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Kerala assembly asks Centre to ditch nuke deal with US

Kerala assembly asks Centre to ditch nuke deal with US
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First Published: Sat, Jul 12 2008. 12 03 AM IST
Updated: Sat, Jul 12 2008. 12 03 AM IST
New Delhi: Kerala’s Left-dominated legislative assembly adopted a resolution on Friday urging the Union government to ditch the Indo-US civilian nuclear agreement—on environmental grounds rather than purely ideological. One green activist said the move was unprecedented.
The resolution linked the Environmental Impact Assessment (EIA) notification of 2006 with the nuclear deal, over which the Left parties have withdrawn support to the Congress-led United Progressive Alliance (UPA) government at the Centre.
The EIA notification mandates that companies wishing to set up nuclear power plants apply for environmental clearance to the Union government rather than the states.
Nuclear energy companies associated with the defence forces would be exempted from requiring environmental clearances.
“The EIA notification of 2006 is against the interest of Kerala state, nature and environment and people,” said the resolution.
“The Indo-American Nuclear Agreement is an attempt by American imperialism to transform India as a client state. Kerala State Assembly earnestly requests Central Government to withdraw from the Agreement,” the resolution said.
This resolution was proposed by Rajaji Thomas, a lawmaker from the Communist Party of India (CPI), and was passed with 76 votes in favour and none against in the 141-member assembly.
The resolution will now move to the ministry of environment and forests (MoEF), which will have to take a call on it.
“The notification has diluted provisions for nuclear facilities, opening the gates for the nuclear agreement,” said a member of the assembly, who did not wish to be identified.
The resolution was passed as the UPA prepares for a showdown in Parliament over the nuclear deal after taking heavy flak over the agreement from both its erstwhile Left allies and the main opposition Bharatiya Janata Party.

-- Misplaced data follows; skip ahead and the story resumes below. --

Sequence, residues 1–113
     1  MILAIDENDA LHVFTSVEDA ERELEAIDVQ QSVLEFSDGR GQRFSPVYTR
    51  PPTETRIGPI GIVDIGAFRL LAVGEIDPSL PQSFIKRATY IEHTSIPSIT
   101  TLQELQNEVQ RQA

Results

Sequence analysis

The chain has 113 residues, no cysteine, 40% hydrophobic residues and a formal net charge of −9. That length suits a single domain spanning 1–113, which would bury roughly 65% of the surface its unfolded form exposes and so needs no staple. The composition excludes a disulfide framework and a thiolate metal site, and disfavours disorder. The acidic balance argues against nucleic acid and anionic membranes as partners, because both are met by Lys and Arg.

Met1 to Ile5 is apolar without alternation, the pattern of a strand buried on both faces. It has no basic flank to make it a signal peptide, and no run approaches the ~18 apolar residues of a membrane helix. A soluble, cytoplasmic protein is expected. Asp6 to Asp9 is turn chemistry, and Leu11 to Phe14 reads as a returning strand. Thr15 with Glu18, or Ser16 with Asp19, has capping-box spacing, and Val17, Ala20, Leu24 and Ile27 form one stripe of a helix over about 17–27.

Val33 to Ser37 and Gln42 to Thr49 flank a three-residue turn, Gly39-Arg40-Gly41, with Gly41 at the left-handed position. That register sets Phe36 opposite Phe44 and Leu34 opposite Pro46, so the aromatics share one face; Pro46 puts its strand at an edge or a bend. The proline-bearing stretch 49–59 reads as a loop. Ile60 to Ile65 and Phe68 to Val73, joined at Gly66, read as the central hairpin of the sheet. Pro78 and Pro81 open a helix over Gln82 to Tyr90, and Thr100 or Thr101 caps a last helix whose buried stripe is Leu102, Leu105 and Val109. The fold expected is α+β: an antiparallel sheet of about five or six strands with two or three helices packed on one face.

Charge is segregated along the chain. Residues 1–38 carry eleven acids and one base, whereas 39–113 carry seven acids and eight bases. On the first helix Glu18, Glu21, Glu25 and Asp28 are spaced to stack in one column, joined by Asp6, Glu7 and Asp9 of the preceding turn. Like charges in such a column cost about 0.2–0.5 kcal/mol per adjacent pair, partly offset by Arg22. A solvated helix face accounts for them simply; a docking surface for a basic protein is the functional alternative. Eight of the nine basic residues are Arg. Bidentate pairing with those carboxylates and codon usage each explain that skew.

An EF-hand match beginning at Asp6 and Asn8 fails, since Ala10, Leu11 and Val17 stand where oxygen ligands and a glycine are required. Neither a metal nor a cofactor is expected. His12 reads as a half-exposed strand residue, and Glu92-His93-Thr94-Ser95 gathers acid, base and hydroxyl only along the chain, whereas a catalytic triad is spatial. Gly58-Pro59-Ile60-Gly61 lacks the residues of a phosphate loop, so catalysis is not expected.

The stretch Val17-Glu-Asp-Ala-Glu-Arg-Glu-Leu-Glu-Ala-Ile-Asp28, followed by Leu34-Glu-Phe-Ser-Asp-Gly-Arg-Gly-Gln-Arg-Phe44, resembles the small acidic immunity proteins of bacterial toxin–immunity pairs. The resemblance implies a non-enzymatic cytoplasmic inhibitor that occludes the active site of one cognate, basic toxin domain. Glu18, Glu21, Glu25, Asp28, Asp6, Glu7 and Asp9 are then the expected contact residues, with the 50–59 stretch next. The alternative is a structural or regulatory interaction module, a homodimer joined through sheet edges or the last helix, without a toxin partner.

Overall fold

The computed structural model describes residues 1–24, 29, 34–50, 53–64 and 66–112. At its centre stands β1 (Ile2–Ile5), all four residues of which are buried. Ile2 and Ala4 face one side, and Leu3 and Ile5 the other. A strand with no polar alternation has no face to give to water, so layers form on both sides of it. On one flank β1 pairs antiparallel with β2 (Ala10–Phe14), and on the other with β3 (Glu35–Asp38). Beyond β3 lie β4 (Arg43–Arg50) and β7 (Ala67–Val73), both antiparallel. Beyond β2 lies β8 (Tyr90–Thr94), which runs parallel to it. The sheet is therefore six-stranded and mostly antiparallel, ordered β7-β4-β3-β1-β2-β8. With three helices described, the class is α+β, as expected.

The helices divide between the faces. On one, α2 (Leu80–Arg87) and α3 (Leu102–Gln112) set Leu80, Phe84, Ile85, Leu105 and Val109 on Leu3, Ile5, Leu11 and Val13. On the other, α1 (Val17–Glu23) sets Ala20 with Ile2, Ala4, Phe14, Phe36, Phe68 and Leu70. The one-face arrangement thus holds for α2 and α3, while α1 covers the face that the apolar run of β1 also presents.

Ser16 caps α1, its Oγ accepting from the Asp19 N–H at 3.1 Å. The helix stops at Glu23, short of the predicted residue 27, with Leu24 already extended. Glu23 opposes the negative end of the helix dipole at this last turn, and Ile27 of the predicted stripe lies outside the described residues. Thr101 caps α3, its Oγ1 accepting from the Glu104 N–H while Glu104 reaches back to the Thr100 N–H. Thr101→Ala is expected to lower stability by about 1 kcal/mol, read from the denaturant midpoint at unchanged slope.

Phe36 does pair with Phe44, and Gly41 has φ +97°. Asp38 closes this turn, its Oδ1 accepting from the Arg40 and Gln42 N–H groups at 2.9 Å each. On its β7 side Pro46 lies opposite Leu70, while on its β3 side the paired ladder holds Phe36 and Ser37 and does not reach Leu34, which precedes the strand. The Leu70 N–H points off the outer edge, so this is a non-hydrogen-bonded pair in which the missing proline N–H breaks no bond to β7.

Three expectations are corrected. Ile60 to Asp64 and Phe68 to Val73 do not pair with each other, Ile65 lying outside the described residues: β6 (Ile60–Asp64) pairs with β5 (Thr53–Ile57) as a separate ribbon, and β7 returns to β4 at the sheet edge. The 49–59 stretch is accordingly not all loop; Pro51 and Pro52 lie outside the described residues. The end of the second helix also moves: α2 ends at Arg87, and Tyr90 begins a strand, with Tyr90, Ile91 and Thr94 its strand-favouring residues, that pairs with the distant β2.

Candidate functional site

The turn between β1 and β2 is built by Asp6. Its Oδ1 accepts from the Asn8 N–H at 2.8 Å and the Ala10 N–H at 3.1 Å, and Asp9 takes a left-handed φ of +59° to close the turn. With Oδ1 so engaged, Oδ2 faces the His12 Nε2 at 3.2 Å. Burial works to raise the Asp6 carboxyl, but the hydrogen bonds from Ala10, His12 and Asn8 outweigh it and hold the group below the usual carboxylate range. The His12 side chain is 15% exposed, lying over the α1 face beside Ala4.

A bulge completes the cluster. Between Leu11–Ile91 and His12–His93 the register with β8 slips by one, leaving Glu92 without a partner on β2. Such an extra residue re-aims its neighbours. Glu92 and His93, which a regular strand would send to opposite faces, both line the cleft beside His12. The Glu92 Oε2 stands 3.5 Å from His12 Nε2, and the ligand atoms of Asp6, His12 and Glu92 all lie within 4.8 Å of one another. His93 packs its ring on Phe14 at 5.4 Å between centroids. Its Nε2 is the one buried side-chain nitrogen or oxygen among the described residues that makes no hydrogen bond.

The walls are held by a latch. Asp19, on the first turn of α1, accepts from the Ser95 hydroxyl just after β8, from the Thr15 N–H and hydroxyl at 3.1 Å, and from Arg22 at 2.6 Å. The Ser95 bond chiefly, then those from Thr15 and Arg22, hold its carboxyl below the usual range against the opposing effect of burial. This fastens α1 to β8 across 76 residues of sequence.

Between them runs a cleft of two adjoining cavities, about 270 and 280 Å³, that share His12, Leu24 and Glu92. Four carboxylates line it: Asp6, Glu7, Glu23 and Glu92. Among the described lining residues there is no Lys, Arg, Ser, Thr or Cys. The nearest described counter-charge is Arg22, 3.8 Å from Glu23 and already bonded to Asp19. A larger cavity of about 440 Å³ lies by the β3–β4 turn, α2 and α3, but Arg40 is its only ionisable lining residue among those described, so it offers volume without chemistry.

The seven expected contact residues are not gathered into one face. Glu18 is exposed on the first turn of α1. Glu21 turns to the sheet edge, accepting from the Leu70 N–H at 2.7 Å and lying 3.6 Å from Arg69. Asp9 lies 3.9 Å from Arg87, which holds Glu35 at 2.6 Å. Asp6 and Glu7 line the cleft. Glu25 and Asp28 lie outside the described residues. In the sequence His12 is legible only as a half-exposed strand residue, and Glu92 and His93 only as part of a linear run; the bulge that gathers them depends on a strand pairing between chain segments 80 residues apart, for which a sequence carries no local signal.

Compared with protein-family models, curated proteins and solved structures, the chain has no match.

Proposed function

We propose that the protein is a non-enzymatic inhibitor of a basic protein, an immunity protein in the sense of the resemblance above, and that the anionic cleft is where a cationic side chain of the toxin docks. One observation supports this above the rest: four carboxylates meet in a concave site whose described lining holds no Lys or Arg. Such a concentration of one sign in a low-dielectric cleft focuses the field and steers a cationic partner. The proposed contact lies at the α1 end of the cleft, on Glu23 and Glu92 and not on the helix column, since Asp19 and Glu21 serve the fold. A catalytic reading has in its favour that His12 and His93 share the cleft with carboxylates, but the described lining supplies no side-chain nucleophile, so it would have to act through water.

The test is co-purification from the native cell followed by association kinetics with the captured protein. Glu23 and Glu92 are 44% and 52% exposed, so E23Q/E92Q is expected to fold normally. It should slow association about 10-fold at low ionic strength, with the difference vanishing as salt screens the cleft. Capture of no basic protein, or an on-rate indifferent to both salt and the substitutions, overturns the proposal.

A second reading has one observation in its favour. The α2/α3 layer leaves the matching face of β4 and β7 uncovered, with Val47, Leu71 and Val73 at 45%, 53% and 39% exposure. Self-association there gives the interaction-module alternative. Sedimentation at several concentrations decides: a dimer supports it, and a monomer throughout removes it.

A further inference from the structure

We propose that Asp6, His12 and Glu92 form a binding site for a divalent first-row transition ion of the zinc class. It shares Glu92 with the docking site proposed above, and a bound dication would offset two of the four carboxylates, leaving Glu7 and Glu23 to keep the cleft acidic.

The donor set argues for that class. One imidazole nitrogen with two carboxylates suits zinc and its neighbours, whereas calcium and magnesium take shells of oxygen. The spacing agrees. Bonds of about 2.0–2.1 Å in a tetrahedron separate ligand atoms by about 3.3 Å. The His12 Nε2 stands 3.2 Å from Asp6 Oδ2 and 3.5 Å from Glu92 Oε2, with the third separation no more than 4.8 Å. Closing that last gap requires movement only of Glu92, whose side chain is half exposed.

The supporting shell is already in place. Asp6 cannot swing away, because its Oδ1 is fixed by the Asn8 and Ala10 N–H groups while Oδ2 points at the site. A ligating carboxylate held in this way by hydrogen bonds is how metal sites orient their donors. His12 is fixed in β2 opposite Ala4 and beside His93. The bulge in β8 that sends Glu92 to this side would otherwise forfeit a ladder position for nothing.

“This is an unprecedented move by a state,” said Leo Saldanha, an activist of Bangalore-based Environment Support Group.
“The Kerala state assembly has set a landmark precedent in Parliamentary democracy history of India by asserting its power in the federal structure of governance of India,” he said.
He added that on rules related to other important issues, such as land and water, which are also state subjects, the MoEF should open them up for debate at the state level before letting them go to Parliament.
Another member of the assembly, who did not wish to be identified, said the nuclear deal was not the only reason behind the resolution.
“There have been many such environmental issues in the state. Some projects have been getting clearances without even a public hearing,” he said.
The 163MW Athirapally Hydro-Electric Project, on the Chalakudy river in Thrissur district, has been hanging fire since the early 1990s.
The project, to be executed by the Kerala State Electricity Board (KSEB), has been at the centre of protests by local villagers, tribals and farmers.
KSEB obtained a clearance from MoEF for the project without a public hearing under the 2006 EIA notification after holding one hearing under a predecessor.
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First Published: Sat, Jul 12 2008. 12 03 AM IST